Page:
Sir Edward Coke*, the prime mover in obtaining the enfranchisement, transmitted the letters patent to Oxford (as to Cambridge), enclosing a letter of explanation and advice to the vice-chancellor. He acknowledged the assistance of Sir Daniel Dunne, dean of Arches, in preparing the petition at a time ‘when His Majesty, exceeding all his progenitors in learning and knowledge, so favoureth and respecteth the universities’, and also urged the university to thank its own chancellor, Lord Buckhurst (Sir Thomas Sackville†), and lord chancellor Ellesmere (Sir Thomas Egerton†) for furthering the petition at Court. Coke recommended the election of ‘some professor of the Civil Law, or some other that is not of the convocation house’, a suggestion which Wood and later writers interpreted to mean that the enfranchisement itself had been designed to encourage the faculty of Civil Law.8 There was no stipulation that the university’s representatives must be resident members, and in practice none were, not least because most of those who would have been of sufficient standing were clerics.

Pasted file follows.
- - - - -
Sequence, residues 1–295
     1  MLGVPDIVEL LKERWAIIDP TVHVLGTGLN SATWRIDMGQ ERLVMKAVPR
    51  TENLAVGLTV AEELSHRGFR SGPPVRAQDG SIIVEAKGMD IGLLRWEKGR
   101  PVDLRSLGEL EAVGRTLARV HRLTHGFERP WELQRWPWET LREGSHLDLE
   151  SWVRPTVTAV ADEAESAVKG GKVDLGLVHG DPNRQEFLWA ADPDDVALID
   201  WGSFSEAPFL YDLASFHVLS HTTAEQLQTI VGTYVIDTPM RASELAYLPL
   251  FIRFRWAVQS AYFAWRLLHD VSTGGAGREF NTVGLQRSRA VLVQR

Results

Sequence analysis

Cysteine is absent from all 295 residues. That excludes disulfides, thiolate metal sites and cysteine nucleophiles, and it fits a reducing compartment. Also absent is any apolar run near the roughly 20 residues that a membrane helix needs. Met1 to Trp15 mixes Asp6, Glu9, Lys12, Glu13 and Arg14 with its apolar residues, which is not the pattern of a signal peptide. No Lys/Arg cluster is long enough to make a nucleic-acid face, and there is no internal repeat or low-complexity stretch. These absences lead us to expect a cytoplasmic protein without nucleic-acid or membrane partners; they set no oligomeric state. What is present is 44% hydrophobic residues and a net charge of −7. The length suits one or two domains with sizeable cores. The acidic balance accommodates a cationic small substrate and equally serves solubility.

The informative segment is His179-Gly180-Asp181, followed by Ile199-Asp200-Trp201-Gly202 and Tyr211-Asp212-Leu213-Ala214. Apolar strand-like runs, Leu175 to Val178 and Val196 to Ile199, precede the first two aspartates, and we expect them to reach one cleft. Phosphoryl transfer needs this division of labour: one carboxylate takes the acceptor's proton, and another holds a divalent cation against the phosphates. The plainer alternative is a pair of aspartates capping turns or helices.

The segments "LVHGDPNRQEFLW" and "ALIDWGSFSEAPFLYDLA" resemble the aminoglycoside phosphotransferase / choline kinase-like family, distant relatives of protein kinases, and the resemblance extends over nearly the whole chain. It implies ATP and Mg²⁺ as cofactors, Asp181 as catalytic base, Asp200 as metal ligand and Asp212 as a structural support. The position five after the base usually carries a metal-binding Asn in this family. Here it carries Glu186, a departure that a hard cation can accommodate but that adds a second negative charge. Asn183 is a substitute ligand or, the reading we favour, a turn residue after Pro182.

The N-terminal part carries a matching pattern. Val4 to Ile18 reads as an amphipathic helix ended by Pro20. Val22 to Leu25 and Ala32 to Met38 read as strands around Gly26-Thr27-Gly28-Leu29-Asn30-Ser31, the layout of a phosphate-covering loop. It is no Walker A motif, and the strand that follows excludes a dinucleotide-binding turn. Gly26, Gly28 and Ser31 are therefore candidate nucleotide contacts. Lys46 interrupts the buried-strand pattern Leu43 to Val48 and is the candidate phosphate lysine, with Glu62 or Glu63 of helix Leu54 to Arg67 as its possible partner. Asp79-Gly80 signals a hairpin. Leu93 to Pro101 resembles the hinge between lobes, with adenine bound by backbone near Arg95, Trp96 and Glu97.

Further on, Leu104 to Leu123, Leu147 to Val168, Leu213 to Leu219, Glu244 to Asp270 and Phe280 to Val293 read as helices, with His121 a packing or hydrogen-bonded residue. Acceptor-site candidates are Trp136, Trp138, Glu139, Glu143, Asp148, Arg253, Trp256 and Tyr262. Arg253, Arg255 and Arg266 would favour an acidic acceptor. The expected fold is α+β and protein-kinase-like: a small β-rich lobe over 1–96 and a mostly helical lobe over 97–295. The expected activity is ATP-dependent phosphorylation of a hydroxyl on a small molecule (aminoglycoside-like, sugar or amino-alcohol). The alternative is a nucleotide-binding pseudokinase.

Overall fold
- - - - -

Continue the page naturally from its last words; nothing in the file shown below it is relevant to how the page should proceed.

In 1604 the university, following Coke’s advice, chose two leading civilians, Dunne and Sir Thomas Crompton, the advocate-general. There is no evidence of any outside influence being brought to bear. Measures passed during the Parliament included an Act of 1606 against recusancy (3 Jas. I, c.5), which disabled convicted recusants from being presented to livings, and divided their rights between the two universities. Another Act of the same year (3 Jas. I, c.20) was intended to facilitate the navigation of the Thames between Oxford and London, ‘to the great commodity, ease, benefit and enrichment ... of the university and city of Oxford’. Furthermore two colleges, Corpus Christi and Oriel, secured private Acts confirming their incorporation.9 Crompton died in 1609, and was replaced by another civilian, William Byrd, who was distantly related to Dunne and may have been recommended by him.